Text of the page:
(iv) Capture of 0.7 or more Mexflies per trap per week will delay or suspend the harvest, depending on whether harvest has begun, for consignments of peppers from that production site until APHIS and the exporting country's NPPO can agree that the pest risk has been mitigated.

(v) The greenhouse must be inspected prior to harvest for the weevil Faustinus ovatipennis, pea leafminer, tomato fruit borer, banana moth, lantana mealybug, passionvine mealybug, melon thrips, the rust fungus Puccinia pampeana, Andean potato mottle virus, and tomato yellow mosaic virus. If any of these pests, or other quarantine pests, are found to be generally infesting the greenhouse, export from that production site will be halted until the exporting country's NPPO determines that the pest risk has been mitigated.

(4) The exporting country's NPPO must maintain records of trap placement, checking of traps, and any Mexfly captures. The exporting country's NPPO must maintain an APHIS-approved quality control program to monitor or audit the trapping program. The trapping records must be maintained for APHIS's review.

(5) The peppers must be packed within 24 hours of harvest in a pest-exclusionary packinghouse. The peppers must be safeguarded by an insect-proof mesh screen or plastic tarpaulin while in transit to the packinghouse and while awaiting packing. Peppers must be packed in insect-proof cartons or containers, or covered with insect-proof mesh or plastic tarpaulin, for transit to the United States. These safeguards must remain intact until arrival in the United States or the consignment will be denied entry into the United States.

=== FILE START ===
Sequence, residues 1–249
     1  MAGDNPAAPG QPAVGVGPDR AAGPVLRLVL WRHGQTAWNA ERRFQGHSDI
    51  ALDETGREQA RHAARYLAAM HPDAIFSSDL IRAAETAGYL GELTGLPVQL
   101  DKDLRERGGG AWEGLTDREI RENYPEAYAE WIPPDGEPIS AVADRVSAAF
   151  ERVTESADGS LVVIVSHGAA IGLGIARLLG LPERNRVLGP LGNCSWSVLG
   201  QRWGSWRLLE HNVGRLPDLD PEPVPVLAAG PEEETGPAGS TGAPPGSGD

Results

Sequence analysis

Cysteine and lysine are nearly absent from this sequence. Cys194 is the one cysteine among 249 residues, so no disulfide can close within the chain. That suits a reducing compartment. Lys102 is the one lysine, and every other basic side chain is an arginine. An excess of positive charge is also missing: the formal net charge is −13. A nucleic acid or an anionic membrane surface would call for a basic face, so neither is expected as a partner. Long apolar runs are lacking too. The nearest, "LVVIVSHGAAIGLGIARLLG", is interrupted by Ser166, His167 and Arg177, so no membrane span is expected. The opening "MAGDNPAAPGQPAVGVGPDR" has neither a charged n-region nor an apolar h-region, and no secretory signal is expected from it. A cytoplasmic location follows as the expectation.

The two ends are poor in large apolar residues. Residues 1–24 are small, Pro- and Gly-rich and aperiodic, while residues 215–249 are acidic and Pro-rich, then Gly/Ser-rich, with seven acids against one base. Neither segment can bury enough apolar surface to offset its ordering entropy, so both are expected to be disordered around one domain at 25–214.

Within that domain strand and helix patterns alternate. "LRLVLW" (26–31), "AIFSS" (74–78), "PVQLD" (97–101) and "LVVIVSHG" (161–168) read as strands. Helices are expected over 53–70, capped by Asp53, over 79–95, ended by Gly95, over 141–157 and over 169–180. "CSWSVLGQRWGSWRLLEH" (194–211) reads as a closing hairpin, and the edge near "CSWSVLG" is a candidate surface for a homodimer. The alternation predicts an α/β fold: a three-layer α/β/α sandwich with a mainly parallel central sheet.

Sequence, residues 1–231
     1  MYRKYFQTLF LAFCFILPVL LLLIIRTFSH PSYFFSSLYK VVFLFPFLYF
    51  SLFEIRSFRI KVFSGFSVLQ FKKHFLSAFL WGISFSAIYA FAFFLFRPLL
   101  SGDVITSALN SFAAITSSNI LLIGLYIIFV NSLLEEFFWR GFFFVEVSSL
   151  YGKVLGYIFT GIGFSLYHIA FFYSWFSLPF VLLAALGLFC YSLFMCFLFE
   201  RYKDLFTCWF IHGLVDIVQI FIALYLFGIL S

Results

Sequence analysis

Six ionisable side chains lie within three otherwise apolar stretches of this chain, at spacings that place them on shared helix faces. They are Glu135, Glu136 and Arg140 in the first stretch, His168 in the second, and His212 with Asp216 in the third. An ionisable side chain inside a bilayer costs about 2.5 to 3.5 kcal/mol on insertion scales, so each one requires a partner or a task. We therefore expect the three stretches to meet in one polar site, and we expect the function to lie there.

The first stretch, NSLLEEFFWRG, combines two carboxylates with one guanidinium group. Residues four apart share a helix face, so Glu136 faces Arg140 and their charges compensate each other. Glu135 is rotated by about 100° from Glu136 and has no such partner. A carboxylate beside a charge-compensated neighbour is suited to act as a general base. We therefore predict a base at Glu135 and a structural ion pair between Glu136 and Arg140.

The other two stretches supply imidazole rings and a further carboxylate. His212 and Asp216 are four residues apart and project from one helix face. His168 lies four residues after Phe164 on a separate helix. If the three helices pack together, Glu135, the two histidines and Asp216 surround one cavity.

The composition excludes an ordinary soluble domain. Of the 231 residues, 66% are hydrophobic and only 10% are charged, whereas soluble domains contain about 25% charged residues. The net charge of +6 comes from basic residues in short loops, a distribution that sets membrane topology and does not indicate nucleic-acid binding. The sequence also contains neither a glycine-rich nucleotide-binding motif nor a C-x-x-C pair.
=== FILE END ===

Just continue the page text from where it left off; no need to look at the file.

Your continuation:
(6) During the time the packinghouse is in use for exporting peppers to the United States, the packinghouse may accept peppers only from registered approved production sites.

(7) The exporting country's NPPO is responsible for export certification, inspection, and issuance of phytosanitary certificates. Each shipment of peppers must be accompanied by a phytosanitary certificate issued by the NPPO and bearing the declaration, “These peppers were grown in an approved production site and the shipment has been inspected and found free of the pests listed in the requirements.” The shipping box must be labeled with the identity of the production site.

Start Signature

(Approved by the Office of Management and Budget under control number 0579-0274)

Done in Washington, DC, this 1st day of March 2006.